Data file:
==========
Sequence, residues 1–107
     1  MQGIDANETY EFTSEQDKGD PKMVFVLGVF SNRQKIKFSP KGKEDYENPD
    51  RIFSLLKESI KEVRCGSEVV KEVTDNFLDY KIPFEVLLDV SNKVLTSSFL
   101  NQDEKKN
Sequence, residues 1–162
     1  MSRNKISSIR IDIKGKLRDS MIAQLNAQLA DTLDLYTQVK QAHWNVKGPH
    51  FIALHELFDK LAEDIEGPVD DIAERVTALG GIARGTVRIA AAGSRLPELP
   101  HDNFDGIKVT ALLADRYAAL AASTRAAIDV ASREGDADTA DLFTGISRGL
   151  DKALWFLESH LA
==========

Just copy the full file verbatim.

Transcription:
Sequence, residues 1–107
     1  MQGIDANETY EFTSEQDKGD PKMVFVLGVF SNRQKIKFSP KGKEDYENPD
    51  RIFSLLKESI KEVRCGSEVV KEVTDNFLDY KIPFEVLLDV SNKVLTSSFL
   101  NQDEKKN
Sequence, residues 1–162
     1  MSRNKISSIR IDIKGKLRDS MIAQLNAQLA DTLDLYTQVK QAHWNVKGPH
    51  FIALHELFDK LAEDIEGPVD DIAERVTALG GIARGTVRIA AAGSRLPELP
   101  HDNFDGIKVT ALLADRYAAL AASTRAAIDV ASREGDADTA DLFTGISRGL
   151  DKALWFLESH LA